Children’s ward to receive a new four legged visitor…

Communications TeamNews

Staff on Acorn Ward at Hull Women and Children’s Hospital are preparing to welcome a new teammate of the four-legged variety.

Hull-based charity, Nice2bNice has teamed up with staff on the children’s surgical ward to provide young patients with weekly visits from Lewis, the therapy dog.

Lewis, a black Labrador, has undergone months of training and visited more than 3,000 children in schools, colleges and activity groups across the area in readiness for his role.

David Freer, Founder of the Nice2bNice charity and Lewis’s owner, will accompany him on the visits. He says:

“Nice2bNice is such a big part of my family’s life that when we decided to get a dog last year, we wanted him to be able to play a part in the charity too.

“We looked at lots of dogs but when we went to visit Lewis, we knew he was the one.

“The idea is to take him on to the wards and allow him to serve as a distraction for children who are feeling poorly or upset, and to bring a bit of enjoyment for them and their families at a difficult time.

“He began training as a puppy, and now he’s at a stage where he’s ready to start visiting the wards and bringing smiles to the faces of the young patients there.”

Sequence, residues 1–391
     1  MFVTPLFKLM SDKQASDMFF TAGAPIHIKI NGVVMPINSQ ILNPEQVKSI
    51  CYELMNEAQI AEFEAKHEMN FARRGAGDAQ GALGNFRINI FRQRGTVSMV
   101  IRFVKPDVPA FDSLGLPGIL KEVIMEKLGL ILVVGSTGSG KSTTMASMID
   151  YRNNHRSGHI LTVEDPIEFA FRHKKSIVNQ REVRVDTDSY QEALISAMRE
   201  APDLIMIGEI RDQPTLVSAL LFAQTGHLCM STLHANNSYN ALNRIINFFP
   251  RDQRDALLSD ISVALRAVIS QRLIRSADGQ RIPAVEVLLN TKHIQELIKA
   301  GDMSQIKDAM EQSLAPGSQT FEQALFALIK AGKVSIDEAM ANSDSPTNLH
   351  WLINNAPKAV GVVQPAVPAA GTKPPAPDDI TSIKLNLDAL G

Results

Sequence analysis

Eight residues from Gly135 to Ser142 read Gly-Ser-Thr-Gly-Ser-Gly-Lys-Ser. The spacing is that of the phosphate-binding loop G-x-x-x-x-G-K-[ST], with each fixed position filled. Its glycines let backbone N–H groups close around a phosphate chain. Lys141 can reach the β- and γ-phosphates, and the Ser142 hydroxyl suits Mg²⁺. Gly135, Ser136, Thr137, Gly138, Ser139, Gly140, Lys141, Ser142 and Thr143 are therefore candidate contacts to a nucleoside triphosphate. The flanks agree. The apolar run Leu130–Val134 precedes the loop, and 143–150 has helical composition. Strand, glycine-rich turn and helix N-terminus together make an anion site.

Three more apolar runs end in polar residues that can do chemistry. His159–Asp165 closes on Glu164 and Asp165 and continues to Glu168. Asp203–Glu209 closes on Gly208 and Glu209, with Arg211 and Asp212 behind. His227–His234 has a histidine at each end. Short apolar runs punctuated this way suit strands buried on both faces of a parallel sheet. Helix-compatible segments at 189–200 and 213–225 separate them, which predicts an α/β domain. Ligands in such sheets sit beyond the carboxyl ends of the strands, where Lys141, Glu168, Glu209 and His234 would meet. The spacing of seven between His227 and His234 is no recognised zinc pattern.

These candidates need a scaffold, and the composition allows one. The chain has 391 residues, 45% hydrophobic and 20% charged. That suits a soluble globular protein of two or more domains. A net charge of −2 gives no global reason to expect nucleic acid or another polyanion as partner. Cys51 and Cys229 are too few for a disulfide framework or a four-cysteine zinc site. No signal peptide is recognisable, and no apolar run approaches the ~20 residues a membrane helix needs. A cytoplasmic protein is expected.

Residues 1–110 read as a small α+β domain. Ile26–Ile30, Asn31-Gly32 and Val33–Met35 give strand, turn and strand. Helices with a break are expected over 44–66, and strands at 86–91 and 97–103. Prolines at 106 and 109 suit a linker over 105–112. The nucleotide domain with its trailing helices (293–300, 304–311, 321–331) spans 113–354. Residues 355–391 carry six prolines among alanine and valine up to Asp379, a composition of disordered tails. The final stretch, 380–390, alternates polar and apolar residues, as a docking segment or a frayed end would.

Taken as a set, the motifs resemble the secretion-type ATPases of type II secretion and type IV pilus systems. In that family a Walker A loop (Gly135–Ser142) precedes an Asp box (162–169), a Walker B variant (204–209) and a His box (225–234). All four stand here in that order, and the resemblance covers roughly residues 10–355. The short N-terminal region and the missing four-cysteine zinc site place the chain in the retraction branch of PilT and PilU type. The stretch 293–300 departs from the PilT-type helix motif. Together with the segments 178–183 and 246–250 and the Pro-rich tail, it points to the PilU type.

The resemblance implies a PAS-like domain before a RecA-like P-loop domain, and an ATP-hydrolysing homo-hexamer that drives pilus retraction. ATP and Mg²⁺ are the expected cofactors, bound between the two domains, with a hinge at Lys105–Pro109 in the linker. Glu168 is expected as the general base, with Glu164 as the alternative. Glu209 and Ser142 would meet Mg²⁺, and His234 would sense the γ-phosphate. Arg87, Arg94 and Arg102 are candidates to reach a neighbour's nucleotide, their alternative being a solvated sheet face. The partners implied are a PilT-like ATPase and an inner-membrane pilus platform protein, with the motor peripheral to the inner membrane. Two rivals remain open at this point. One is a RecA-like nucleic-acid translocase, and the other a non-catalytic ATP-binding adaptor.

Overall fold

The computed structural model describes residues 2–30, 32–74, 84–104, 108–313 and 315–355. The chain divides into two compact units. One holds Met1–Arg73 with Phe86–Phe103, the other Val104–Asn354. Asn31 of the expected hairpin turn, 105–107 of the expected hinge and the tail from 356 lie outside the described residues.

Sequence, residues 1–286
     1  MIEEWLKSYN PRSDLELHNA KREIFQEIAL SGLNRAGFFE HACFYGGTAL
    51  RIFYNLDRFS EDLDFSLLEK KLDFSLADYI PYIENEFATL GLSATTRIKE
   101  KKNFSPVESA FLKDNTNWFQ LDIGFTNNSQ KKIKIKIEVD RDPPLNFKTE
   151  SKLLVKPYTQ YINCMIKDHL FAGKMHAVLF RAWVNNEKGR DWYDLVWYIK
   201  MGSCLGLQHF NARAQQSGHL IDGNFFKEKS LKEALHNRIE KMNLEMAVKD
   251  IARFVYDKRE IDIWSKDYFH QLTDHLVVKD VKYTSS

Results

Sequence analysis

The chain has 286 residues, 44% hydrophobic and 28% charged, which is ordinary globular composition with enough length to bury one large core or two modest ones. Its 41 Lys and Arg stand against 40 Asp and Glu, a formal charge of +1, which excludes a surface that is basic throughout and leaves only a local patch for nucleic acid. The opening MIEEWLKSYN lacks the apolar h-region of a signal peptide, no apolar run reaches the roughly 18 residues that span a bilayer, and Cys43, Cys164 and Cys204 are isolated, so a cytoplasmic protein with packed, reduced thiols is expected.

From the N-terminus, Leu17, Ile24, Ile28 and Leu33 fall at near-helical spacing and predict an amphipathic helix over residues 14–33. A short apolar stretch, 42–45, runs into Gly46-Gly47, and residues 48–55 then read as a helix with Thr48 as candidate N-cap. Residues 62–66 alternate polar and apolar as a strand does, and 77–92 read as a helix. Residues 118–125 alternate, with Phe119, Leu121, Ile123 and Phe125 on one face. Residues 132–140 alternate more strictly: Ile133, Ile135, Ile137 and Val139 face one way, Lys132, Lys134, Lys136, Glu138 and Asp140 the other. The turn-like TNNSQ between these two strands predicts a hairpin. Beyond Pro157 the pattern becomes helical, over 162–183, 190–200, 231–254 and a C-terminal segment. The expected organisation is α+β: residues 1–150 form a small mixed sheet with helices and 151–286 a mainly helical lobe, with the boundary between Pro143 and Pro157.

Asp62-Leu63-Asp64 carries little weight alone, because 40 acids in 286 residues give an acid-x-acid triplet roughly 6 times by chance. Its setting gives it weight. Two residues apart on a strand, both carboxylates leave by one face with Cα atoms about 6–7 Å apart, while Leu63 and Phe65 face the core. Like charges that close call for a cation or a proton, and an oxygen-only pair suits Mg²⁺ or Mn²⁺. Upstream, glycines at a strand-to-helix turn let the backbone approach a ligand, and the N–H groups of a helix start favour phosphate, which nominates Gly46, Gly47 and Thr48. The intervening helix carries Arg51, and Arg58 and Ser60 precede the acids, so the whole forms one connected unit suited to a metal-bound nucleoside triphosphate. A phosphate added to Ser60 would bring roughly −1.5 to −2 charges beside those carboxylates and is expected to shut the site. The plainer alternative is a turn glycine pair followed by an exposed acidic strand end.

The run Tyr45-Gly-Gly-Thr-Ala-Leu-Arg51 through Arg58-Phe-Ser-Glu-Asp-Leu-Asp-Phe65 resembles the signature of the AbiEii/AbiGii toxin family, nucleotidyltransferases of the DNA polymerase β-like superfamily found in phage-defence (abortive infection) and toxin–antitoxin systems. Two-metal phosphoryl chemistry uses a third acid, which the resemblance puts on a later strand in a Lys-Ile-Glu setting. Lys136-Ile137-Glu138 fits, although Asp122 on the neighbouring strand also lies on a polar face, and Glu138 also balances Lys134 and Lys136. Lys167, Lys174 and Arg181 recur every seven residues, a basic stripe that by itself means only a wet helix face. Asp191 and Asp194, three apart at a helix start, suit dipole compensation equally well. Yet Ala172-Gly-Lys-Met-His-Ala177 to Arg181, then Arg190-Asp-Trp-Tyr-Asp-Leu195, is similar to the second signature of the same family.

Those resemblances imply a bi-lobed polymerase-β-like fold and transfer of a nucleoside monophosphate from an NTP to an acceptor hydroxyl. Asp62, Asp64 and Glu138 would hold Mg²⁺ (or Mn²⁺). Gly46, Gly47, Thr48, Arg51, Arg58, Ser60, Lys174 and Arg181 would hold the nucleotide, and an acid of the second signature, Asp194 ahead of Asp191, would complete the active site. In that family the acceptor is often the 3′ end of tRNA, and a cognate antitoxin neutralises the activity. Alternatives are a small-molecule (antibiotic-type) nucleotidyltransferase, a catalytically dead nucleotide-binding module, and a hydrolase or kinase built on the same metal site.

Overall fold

Visits are expected to take place weekly in the first instance, with a view to extending the meet and greet sessions to the Paediatric Outpatients department and the young patients on Hull Royal Infirmary’s Ward 130 in due course.

Lewis has been independently assessed by a qualified dog behaviourist, he is fully insured for work in hospitals, and all visits are carried out in accordance with the respective health and hygiene policies.

On a recent introductory visit to the ward, Lewis was quick to draw attention, with hospital staff, patients and visitors all making a beeline to give him a stroke and say hello.

Deborah Bristow, Junior Sister on Acorn Ward, says:

“Even from the early visit to the ward, it was clear how much pleasure Lewis was bringing to the children.


“For many youngsters, just having a few minutes stroking or playing with the dog will really make their day. It can help to reduce their anxieties, serve as a calming influence, give them something positive while they’re in hospital, and help to take their minds off their surgery.

“We know not all children will be comfortable around dogs and some will not be able to see Lewis for infection control reasons, so we’ll always do a review of our patients on the ward ahead of each visit to see if they’re comfortable, to check for any allergies and so on.

“What was lovely to see on the early visit was the children taking Lewis for a little walk around the ward. For some whose mobility needs to improve after their operation, he’ll be a great incentive for them to get up and get moving, and even for those who can’t get out of bed, the visits will just be a lovely surprise.

“He certainly gets people talking and I think the staff are looking forward to the visits beginning just as much as the children!”

David adds:

“We’re looking to make weekly visits to fit in with my regular job and according to what suits the ward, so for some children it will be an unexpected surprise, and for those who may have to stay in hospital a bit longer, it will give them something to look forward to if they meet Lewis and know he’s coming back again in a few days’ time.”

For more information on Nice2bNice, visit